Summer is here and family barbecues will be in full bloom, with albacore tuna being a tradition for many people in the Pacific Northwest for generations. To keep this tradition, along with the important jobs and nutrition that this valuable species provides, we need to modernize how albacore is managed. Even though scientists estimate that the albacore tuna population is currently healthy, challenges exist and new threats are on the horizon, from forecasted increases in local ocean temperatures to other countries that might want to increase their catch.
With their streamlined, torpedo-shaped bodies and high metabolisms, albacore tuna can swim at speeds upward of 30 miles per hour, journeying far across the entire North Pacific. Because these fish are highly migratory, it takes international cooperation among fishing nations, through vital regional fishery management organizations (RFMOs).
What many believe is needed to safeguard the albacore fishery for future generations is an agreement on a “management procedure,” also known as a harvest strategy. A management procedure is a modern approach that involves working with all the stakeholders to set a vision for the fishery, then develop standards for assessing the fishery performance, and develop harvest control rules — which are predetermined actions to keep the fishery healthy. The process is agreeing on the rules of the game before it’s played. It marries scientists, fishermen and governmental regulators to an aligned common objective.
Fortunately, setting a harvest strategy for albacore tuna has already started, but this year is critical. Considerable work has been undertaken since 2015 to identify a host of objectives, including to maximize catch while keeping a sustainable amount of albacore tuna in the north Pacific Ocean. This also included testing what may be a hypothetical range and catch limits to see how they impact the status of the stock. This approach also tests assumptions and incorporates uncertainties about the fishery and environment. What if the stock becomes less productive because of environmental conditions in the future? What if another country ramps up its catches quickly? The good news: With the right strategy in place, one that includes pre-agreed harvest control rules to keep fishing levels consistent and commensurate with population size, computer simulations show that North Pacific albacore will stay healthy.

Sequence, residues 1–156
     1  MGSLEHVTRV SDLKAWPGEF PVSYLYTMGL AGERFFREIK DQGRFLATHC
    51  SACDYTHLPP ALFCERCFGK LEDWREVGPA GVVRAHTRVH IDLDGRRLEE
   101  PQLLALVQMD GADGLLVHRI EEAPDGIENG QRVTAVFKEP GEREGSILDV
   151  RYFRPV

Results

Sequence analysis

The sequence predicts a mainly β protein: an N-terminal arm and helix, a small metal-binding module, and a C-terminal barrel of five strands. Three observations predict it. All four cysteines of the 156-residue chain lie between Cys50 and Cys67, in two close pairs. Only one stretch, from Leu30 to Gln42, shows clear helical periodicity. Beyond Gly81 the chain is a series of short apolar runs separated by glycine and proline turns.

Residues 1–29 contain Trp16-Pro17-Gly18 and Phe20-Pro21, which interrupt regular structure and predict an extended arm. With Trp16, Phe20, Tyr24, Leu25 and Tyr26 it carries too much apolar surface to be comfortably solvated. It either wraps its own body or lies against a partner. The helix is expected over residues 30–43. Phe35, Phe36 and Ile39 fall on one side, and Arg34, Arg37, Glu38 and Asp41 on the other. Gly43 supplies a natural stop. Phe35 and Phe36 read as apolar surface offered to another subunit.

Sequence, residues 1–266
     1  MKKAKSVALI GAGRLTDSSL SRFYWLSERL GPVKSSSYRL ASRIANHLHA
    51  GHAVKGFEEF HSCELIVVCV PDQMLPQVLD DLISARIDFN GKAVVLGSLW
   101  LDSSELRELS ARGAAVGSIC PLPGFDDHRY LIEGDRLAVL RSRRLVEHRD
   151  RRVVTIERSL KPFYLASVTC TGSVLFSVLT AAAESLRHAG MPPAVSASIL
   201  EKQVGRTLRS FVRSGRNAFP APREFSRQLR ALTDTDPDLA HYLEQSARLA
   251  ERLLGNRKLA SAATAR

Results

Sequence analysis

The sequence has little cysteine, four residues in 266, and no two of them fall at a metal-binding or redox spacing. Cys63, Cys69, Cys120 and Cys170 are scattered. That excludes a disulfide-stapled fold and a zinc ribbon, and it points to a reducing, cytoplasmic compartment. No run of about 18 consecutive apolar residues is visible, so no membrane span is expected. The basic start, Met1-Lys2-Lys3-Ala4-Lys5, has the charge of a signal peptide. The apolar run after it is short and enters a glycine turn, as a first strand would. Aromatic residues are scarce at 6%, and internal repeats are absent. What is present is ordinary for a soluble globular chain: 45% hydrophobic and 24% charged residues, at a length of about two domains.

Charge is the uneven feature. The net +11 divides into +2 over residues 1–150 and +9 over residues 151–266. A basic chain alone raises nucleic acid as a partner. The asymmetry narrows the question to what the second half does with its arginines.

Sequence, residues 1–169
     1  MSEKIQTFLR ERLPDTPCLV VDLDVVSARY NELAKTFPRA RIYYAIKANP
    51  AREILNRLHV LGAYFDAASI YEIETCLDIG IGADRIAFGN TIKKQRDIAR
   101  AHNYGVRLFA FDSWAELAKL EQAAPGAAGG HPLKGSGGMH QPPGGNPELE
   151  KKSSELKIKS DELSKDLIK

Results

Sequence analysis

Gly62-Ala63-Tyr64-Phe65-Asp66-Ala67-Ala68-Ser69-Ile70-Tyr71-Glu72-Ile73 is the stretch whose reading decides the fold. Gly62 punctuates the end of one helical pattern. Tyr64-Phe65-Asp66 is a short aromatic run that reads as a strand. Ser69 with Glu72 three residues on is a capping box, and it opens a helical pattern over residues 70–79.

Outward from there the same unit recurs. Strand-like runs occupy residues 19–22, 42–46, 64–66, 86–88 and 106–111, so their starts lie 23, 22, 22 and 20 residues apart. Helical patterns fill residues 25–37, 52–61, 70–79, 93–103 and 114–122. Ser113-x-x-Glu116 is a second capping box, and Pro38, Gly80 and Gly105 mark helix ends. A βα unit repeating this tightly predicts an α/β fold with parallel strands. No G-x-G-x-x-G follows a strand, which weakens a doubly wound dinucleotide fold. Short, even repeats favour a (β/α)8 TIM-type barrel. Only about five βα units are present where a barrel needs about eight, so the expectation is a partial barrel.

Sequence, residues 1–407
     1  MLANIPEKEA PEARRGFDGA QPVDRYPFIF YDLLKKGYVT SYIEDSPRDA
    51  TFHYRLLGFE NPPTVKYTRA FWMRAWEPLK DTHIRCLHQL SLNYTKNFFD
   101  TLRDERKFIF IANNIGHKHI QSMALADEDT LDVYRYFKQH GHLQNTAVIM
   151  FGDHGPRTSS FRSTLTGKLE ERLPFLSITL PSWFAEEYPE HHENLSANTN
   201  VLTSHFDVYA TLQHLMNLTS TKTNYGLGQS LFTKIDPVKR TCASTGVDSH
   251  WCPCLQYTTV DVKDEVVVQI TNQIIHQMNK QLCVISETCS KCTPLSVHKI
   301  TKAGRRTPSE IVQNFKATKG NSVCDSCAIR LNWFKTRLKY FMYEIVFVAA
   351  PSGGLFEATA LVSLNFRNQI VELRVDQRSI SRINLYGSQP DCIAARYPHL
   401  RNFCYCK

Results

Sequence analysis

Now, it’s time for the United States to show leadership and work with other countries, such as Canada and Japan, to bring a proposal to adopt and implement a management procedure to the regional fishery management organizations, starting with the meeting of the Inter-American Tropical Tuna Commission in August and following with the Western and Central Pacific Fisheries Commission later in the year. These two organizations share responsibility for setting fishing rules across the North Pacific, and should ideally adopt mirrored strategies to achieve a common approach to albacore that migrate across this area.
These actions also could spark the cooperation needed to make more progress in adopting a management procedure for the southern stock of Pacific albacore that is a vitally important source of jobs and income to the United States’ territory of American Samoa.
So often, the challenges facing our oceans are seen as insurmountable, and industry and conservation organizations are pitted against one another in terms of which way to go. Although there are real challenges facing the albacore fishery, sustainable management relies on a host of policies and groups working together. We — and our organizations — agree that modernizing this fishery through the management procedure approach is achievable and the right step to maintain a productive fishery for years to come.